Psych Bites #1: Why do we Obey Authority?

2:08 PM

I know, I know, another feature, I start these oh so often and I swear I do intend to actually keep them! I want to try and get all of my ideas out of there so that anyone who visits my blog knows exactly what I'm about. 

This brand new section I have decided to call "Psych Bites", I know this may sound somewhat geeky, and maybe even a little bit childish, but I like the name so hush! 

You may be wondering what this segment is going to be about. Well my friends this is going to be all things Psychology! For those of you that don't know I currently study Psychology at university and have just entered my second year, I have a big passion for this subject and know that there can be a lot of interesting parts to it that a lot of people may not know about! I have a LOT of books on this topic, obviously, so it still fits in with the bookish theme I have going on this blog.

I'm going to be writing about case studies, whacky things that were done in the past (and obviously disproved), theories into different topics such as personality and much more!

For the first one I decided that I would start with an experiment that I learnt about in my A level studies and found very interesting. If you have studied Psychology in any shape or form you may have heard of this experiment.

This experiment was looking at obedience to authority. Have you ever wondered why people followed Hitler? Or why the Nazi's in the concentration camps would follow orders to kill people? This is exactly what Stanley Milgram, an American Social Psychologist at Yale University in the 1960's, wondered too. He decided to conduct an experiment to see if he could get members of the public to willingly cause harm to another human being, within the presence of authority.

I know what you're thinking; wait what?! But bare with me, he just made the participants THINK they were hurting someone, when obviously they weren't.

Milgram put out an advert in a newspaper advertising an experiment on memory and participants would receive a sum of $4.00 for taking part. Three people were involved in the experiment; the experimenter, the participant and a volunteer who pretended to also be a participant to the experiment also known as a "stooge". Both the participant and the stooge would draw out from a hat to determine whether they were the "teacher" or the "learner" however, both pieces of paper said "teacher" and the stooge would claim to have chosen "learner" each time.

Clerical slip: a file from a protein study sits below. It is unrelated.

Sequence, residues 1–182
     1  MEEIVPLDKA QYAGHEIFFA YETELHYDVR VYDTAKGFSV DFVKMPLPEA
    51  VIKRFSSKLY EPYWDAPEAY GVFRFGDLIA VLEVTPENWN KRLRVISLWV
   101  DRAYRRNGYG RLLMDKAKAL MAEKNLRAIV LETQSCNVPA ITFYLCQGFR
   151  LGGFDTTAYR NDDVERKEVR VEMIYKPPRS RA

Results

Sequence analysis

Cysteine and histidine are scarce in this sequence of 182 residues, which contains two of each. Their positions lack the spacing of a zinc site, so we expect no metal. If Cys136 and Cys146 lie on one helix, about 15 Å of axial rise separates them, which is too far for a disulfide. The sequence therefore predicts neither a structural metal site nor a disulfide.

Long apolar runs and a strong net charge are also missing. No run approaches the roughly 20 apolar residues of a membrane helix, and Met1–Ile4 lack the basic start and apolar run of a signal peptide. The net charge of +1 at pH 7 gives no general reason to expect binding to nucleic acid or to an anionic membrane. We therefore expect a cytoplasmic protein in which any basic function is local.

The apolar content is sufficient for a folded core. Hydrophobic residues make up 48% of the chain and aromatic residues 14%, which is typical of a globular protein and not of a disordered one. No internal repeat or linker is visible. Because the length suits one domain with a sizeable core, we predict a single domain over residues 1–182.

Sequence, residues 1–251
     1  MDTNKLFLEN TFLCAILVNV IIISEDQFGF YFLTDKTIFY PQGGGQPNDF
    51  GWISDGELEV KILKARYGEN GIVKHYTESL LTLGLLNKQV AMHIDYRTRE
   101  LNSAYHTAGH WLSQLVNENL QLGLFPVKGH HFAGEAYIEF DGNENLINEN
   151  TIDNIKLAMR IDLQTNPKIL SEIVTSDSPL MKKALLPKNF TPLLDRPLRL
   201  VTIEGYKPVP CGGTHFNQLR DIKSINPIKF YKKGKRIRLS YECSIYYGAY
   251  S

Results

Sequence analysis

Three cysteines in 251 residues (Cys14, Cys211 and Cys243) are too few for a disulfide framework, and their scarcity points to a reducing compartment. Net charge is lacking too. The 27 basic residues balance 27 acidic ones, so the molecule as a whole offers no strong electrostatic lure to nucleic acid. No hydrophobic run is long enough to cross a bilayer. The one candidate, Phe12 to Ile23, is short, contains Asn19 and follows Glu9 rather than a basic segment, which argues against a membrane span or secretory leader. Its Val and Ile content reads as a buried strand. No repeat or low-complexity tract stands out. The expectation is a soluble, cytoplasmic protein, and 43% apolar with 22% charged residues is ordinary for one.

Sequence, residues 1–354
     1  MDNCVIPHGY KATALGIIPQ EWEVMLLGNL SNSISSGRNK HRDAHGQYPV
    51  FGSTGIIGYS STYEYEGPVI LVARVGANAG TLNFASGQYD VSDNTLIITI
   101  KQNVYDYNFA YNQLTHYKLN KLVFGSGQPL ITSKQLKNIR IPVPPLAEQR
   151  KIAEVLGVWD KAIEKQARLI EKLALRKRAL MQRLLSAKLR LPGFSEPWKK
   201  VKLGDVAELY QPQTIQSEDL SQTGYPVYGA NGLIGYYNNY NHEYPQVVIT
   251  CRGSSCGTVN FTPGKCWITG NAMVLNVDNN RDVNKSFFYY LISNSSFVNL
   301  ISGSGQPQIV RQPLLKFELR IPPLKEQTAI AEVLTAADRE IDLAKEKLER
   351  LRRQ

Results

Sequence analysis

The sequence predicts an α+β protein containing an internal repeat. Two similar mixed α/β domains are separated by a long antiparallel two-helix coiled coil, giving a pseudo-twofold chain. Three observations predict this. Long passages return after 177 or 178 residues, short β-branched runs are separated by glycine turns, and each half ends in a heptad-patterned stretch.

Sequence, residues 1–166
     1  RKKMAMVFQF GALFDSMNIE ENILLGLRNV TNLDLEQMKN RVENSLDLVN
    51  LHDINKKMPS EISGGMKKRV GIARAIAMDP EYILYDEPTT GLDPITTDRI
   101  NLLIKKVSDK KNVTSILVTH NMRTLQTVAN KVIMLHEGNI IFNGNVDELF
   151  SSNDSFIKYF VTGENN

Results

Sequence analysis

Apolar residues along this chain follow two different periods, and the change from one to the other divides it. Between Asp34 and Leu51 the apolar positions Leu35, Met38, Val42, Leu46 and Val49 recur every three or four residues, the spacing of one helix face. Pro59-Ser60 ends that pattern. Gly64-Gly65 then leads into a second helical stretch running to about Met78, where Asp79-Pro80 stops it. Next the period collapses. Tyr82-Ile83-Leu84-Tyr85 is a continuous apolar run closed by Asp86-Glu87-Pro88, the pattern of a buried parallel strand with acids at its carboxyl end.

The idea was that the participant would be teaching the "learner" pairs of words, and every time they got a pair wrong they would administer an electric shock to learner, going up in 15 volts each time there was an incorrect answer, the maximum voltage being 450 volts which would be a potentially deadly voltage. To make the participant believe that this was in fact real, the experimenter administered a small shock to the participant.

As the shocks became higher the learner would be heard to complain of pain or beg to be released. At the 300 volt level the learner would be heard to bang on the wall and demand to be released, beyond this point the learner would be completely silent and not even answer anymore questions, this was suggestive that the "learner" had passed out, or even worse. At this point the experimenter would tell the teacher to treat the silence as incorrect answers and to continue to administer shocks.

If the teachers showed any sign of wanting to stop, or see if the "learner" was alright, then the experimenter would issue what is known as "prods and prompts" and would say one of four phrases such as "It is absolutely essential that you continue".

In the original experiment, 40 men were tested, although Milgram did later repeat the experiment with women and had the same results. The results found that 65% of the participants went all the way to the end of the volts, that administering a 450 volt shock to another human, willingly. 100% of the participants went up to 300 volts. Afterwards, participants were told about how the experiment wasn't real

Obviously this experiment has a LOT of ethical issues. For starters, the participants thought that they were harming another human being, in some cases this caused visible stress such as shaking and sweating, even though the participants continued to obey. Furthermore, the participants right to withdraw from the experiment was taken away by the "prods and prompts". There are many more issues with this experiment and would never be able to be repeated today. However, it showed how everyone may have the possibility to do potentially evil things, and that the presence of an authority figure (in this case the experimenter) can turn someone into a completely different person.

What do you think? Do you think everyone has the potential to harm another human in the right circumstances?

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